Last Thursday, the public charette on the renaming of the White Flint sector was hosted by Friends of White Flint and Streetsense, and sponsored by various developers in the White Flint sector.
Dan Hoffman, Montgomery County’s chief innovation officer and a community activist who has been involved in the White Flint sector plan for the past 8 years, was asked to introduce the charette for the attendees which included community residents, concerned citizens, property owners, and developers.
The White Flint Sector Plan was developed by residents, local business owners, property owners, the county, and developers in 2010 to create a shared vision of what the White Flint sector will become. This shared vision is why it is so important for this rebranding to take place, to create a unique and concise identity for this area.
As Dan mentioned, now is the time to figure out the future of the region and how the region will attract individuals to the area over the next 30 years. One way is to figure out a name that creates a sense of vibrancy, uniqueness, and timelessness. This charette provided an opportunity for the community to give their input on the naming of the place they live, play, and work in.
Streetsense began the charette by defining what a brand is. A brand comes down to the gut feeling one gets as a result of their sense of place and their buy-in or understanding of area. The branding process of a area or district begins with creating a new name. From there, awareness of the new name will be raised, hopefully creating unity among the area’s residents and distinguishing the area from other districts.
Participants in the charette were presented with signs of 10 possible names for the region: The Quartz District, Metropolitan White Flint, Rockline, Rocksy, The Summit, Pike District, Slate District, The Stem, Uptown, and Market District. These were chosen by Streetsense and the developers, such as The JBG Companies, Federal Realty Investment Trust, and Lerner Enterprises, as the remaining choices. These 10 names were selected based on a criteria including but not limited to sticking power of the name, placing a location, a sense of energy/vibrancy, authencity, and large scale-ness. Attendees were asked to go around to every sign and give their ranking from -5 to +5 and any additional comments they had on the name to Streetsense employees standing next to each sign.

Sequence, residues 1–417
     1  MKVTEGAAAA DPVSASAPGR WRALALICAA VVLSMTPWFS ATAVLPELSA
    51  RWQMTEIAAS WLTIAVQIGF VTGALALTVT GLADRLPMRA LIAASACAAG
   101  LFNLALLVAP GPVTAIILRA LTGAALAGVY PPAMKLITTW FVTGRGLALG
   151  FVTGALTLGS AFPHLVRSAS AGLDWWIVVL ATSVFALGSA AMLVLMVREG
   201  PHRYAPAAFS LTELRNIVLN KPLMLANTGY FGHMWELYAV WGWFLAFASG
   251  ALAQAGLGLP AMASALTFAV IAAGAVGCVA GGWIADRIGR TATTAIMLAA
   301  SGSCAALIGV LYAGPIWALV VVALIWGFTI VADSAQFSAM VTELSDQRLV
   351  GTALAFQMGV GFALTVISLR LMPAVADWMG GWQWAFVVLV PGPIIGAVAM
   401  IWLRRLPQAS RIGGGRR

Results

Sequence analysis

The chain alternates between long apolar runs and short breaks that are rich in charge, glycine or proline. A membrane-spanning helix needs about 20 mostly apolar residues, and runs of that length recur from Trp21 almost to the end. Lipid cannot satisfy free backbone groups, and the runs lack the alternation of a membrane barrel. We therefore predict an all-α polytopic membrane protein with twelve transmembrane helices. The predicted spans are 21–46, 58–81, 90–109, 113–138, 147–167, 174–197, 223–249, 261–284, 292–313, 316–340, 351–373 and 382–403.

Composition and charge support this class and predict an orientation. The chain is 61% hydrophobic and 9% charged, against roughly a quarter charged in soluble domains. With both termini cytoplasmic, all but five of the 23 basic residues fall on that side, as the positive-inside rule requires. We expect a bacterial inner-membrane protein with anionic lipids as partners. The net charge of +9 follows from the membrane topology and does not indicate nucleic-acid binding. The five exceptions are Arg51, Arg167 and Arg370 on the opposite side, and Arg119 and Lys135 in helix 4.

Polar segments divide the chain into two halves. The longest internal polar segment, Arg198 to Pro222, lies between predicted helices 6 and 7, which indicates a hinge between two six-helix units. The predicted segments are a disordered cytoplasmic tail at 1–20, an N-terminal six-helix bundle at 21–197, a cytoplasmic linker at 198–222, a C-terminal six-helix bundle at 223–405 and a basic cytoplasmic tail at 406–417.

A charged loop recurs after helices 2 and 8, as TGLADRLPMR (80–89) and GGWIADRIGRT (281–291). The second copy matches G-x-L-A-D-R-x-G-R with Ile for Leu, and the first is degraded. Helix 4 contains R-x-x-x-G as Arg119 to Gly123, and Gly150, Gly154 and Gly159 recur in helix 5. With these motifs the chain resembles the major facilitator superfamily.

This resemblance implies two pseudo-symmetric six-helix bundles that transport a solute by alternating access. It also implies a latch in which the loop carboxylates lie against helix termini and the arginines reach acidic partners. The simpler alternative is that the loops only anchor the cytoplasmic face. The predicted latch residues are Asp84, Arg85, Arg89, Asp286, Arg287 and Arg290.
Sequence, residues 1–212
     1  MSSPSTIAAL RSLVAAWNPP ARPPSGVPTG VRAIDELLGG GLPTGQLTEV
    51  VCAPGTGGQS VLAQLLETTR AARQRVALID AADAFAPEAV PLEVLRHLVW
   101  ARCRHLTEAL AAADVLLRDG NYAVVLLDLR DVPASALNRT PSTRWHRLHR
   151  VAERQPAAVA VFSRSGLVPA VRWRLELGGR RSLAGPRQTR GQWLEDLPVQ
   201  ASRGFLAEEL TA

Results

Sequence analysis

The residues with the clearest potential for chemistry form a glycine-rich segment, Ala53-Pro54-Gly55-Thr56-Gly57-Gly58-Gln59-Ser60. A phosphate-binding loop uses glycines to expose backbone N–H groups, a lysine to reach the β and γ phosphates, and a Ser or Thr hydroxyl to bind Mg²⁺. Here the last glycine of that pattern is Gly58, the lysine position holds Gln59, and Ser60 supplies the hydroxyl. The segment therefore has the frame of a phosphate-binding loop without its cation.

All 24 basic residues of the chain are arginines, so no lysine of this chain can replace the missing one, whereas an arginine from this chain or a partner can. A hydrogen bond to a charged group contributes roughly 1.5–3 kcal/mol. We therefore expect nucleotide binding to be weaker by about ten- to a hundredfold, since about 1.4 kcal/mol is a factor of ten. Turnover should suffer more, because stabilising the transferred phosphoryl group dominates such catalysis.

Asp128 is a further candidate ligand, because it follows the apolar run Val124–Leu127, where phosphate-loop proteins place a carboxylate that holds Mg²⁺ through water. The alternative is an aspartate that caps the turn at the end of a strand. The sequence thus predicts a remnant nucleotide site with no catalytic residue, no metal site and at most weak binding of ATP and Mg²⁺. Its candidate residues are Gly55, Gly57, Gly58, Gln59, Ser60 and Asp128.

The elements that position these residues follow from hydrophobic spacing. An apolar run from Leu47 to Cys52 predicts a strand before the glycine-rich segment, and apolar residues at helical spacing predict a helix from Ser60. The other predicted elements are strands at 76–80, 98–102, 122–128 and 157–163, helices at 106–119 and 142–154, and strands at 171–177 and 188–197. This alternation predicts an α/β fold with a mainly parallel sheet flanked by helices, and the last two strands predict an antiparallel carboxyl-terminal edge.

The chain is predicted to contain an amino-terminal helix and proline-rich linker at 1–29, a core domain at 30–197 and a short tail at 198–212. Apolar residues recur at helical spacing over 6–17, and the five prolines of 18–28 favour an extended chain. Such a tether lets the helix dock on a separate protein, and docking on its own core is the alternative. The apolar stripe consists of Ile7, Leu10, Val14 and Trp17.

It is important to acknowledge that the branding “is for marketing purposes only; the new name will not be used for nearby residential neighborhoods or for postage or tax purposes,” as Bethesda Beat’s Andrew Metcalf mentioned. The branding process for this new campaign is six-fold. Streetsense began the process by conducting case studies of other districts faced with the same branding issues. Following that step, they conducted in-person interviews, held “re-focus” groups, and had a namestorming session. All these steps then led to the charette. After the charette, Streetsense and the developers will take the rankings and comments left by the attendees and will complete more market research in hopes of making the decision on the final name.